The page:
MISSION

          NIST’s mission is to promote U.S. innovation and industrial competitiveness by advancing measurement science, standards, and technology in ways that enhance economic security and improve our quality of life.

          DEFINITIONS

          The definitions in this section apply throughout the NIST Guidelines and are based on the OMB Guidelines and supporting information except where noted.

          Quality is an encompassing term comprising utility, objectivity, and integrity. Therefore, the OMB Guidelines sometimes refer to these four statutory terms, collectively, as “quality.”

          Utility refers to the usefulness of the information to its intended users, including the public. In assessing the usefulness of information that the agency disseminates to the public, NIST considers the uses of the information not only from its own perspective but also from the perspective of the public. As a result, when transparency of information is relevant for assessing the information’s usefulness from the public’s perspective, NIST takes care to ensure that transparency has been addressed in its review of the information.

          Objectivity consists of two distinct elements: presentation and substance. The presentation element includes whether disseminated information is presented in an accurate, clear, complete, and unbiased manner and in a proper context. The substance element involves a focus on ensuring accurate, reliable, and unbiased information. In a scientific, financial, or statistical context, the original and supporting data will be generated, and the analytic results will be developed, using sound statistical and research methods.

          Integrity refers to security – the protection of information from unauthorized access or revision, to ensure that the information is not compromised through corruption or falsification.

          Information means any communication or representation of knowledge such as facts or data, in any medium or form, including textual, numerical, graphic, cartographic, narrative, or audiovisual forms. This definition includes information that an agency disseminates from a Web page but does not include the provision of hyperlinks to information that others disseminate. This definition does not include opinions, where the agency’s presentation makes it clear that what is being offered is someone’s opinion rather than fact or the agency’s views.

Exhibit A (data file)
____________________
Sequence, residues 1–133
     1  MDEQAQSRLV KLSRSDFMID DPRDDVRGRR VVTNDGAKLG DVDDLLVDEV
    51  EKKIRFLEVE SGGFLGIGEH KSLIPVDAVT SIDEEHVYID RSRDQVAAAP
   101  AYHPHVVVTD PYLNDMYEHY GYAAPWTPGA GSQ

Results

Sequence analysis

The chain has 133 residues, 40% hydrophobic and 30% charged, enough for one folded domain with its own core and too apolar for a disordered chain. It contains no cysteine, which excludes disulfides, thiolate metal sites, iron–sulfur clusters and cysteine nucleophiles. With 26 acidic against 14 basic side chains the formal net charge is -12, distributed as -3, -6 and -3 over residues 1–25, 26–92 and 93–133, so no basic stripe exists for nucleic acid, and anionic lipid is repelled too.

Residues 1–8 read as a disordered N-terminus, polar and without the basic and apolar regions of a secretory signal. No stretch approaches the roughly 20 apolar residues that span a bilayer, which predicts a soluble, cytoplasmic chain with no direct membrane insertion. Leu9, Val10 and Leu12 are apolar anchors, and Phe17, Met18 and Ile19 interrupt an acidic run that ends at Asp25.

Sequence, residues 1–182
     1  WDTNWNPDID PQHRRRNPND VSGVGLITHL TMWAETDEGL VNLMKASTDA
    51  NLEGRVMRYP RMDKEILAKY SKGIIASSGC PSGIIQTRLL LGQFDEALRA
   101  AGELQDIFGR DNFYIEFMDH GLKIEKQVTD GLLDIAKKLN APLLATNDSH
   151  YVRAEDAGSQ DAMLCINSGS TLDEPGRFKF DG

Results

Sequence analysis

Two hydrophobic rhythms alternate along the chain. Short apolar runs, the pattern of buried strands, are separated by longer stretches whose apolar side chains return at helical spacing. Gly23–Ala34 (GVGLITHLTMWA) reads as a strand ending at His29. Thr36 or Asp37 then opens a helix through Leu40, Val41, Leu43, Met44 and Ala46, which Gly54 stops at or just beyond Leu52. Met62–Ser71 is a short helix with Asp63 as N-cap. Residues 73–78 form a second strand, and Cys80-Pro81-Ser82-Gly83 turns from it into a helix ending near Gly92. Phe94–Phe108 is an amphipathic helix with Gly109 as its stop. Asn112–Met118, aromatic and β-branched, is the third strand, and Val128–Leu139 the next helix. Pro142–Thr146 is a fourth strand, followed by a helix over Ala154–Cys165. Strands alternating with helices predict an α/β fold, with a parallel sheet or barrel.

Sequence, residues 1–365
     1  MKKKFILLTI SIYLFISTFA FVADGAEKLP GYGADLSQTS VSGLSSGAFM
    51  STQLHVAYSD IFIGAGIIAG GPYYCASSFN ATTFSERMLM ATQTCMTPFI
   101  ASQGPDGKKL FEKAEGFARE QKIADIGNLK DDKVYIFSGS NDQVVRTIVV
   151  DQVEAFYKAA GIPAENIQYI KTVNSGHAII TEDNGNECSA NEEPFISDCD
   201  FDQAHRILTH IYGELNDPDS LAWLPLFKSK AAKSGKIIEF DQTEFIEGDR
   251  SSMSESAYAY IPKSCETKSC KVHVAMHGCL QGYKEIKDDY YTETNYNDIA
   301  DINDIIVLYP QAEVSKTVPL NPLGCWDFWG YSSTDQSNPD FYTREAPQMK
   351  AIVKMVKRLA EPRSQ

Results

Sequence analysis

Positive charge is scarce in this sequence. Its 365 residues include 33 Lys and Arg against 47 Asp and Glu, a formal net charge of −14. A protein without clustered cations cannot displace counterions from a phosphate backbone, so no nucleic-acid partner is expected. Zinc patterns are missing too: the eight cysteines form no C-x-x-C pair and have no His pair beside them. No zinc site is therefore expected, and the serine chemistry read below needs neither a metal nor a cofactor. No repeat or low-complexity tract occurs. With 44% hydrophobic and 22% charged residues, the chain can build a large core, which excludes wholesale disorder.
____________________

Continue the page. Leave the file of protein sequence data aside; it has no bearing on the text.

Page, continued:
Government information means information created, collected, processed, disseminated, or disposed of by or for the federal government.

          Information dissemination product means any books, paper, map, machine-readable material, audiovisual production, or other documentary material, regardless of physical form or characteristic, an agency disseminates to the public. This definition includes any electronic document, CD-ROM, or Web page.

          Dissemination means agency initiated or sponsored distribution of information to the public. Dissemination does not include distribution limited to government employees or agency contractors or grantees; intra- or inter-agency use or sharing of government information; and responses to requests for agency records under the Freedom of Information Act, the Privacy Act, the Federal Advisory Committee Act or other similar law. This definition also does not include distribution limited to correspondence with individuals or persons, press releases, archival records, public filings, subpoenas or adjudicative processes.

          Agency-initiated distribution of information to the public refers to information that the Agency distributes or releases which reflects, represents, or forms any part of the support of the policies of the Agency. In addition, if the Agency, as an institution, distributes or releases information prepared by an outside party in a manner that reasonably suggests that the Agency agrees with the information, this would be considered Agency initiated distribution and hence Agency dissemination because of the appearance of having the information represent Agency views.